Meet Jess, a lovable dork prone to making up spontaneous theme songs for herself even after being humiliatingly dumped by her boyfriend. Meet Jess's new roommates. They have a Douchebag Jar
From the second Zooey Deschanel’s face appeared on screen in the pilot for New Girl (which happens to be second 0.000001, in tight close-up), it was clear this show was not meant to be your grandma’s sitcom — despite Jess’s fondness for granny panties (more on that later). Telling her humiliating break-up story within the framework of horror clichés, she gave a nod to the hyper-referential hipster characters on which she has made her name. So, the rules were set: If you like Zooey Deschanel, you’d like New Girl. But did the pilot play out that way?
In the show’s opening scene, Jess looked directly through the camera at us, as if to say, “Like me! Get me!” as she offered details of her fresh heartbreak. Let’s just say it started with a risqué, trench coat-clad, surprise drop-in on her boyfriend and quickly devolved into Bridget Jones’ discovery of Daniel Cleaver’s philandering, only without the benefit of a bunny suit and if Bridget endured the added embarrassment of launching into an off-key, self-penned musical number. Like many a comedy heroine before her, Jess tried to bust out of her own shell, and it blew up in her face. It couldn’t have helped that Jess’s first instinct was to name her scandalous sex persona Rebecca Johnson (she ultimately settled on Charlie Sheen-influenced Tiger Boobs).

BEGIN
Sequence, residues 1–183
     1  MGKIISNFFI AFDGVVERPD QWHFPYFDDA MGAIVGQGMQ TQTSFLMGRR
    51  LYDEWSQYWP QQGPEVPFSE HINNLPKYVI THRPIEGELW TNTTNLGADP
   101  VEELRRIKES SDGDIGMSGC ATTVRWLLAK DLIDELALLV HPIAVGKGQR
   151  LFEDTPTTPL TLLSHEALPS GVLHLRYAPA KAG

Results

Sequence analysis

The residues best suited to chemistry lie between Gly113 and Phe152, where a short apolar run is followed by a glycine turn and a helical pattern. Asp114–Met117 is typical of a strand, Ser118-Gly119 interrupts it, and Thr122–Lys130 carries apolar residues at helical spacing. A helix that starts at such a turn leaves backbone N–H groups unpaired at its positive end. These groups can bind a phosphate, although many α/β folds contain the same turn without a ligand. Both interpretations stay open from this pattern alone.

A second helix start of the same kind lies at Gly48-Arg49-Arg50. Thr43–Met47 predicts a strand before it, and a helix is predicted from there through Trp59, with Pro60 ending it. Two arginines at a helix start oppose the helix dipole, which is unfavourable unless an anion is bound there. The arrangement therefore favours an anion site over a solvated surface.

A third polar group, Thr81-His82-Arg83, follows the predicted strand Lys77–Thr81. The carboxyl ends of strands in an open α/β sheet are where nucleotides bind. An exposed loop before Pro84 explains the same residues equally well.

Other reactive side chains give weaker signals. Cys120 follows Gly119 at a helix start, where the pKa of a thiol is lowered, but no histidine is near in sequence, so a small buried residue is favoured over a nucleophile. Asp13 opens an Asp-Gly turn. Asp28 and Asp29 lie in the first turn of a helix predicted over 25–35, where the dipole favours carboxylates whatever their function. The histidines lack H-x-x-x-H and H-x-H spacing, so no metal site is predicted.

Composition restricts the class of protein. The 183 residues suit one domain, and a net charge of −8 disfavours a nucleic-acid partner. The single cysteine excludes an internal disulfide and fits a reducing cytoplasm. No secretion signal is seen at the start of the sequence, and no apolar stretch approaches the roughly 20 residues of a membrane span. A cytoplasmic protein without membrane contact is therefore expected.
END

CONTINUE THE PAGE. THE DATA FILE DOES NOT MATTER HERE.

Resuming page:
Cut back to the present, where Jess was no longer talking to us, but to her prospective roommates. She concluded, “So… that happened. I’m sorry, what was the question?” Potential roomie: “Do you have any pets?” Clearly the pay-off in this show will never be the yuk-yuks. There were a few ongoing gags worth noting, such as Jess’s tendency to sing spontaneous theme songs about herself or the events unfolding before her. Also, the Guy-iest of Jess’s new roommates (which is not to say “manliest” since all three are stuck in that first-apartment state of transition between boy and man) is a fellow named Schmidt. He errs on the side of tool so often that his housemates have designated a Douchebag Jar for him.
NEXT: Meet the guys who created the Douchebar Jar
Somewhere between the guys’ recognition that they could use a bit of feminine energy and Jess’s confession that her best friend/current roommate is a model, Jess landed herself a new place. The guys’ first mission was to get Jess out of her break-up-induced depression and into rebound mode. Much of that involved pausing Dirty Dancing and peeling her off the floor. New roomie and voice of reason Nick related to Jess since he was still recovering from being dumped six months ago. (If I were a betting woman, I’d say these two are going to fall into each other’s arms by the end of the first season.)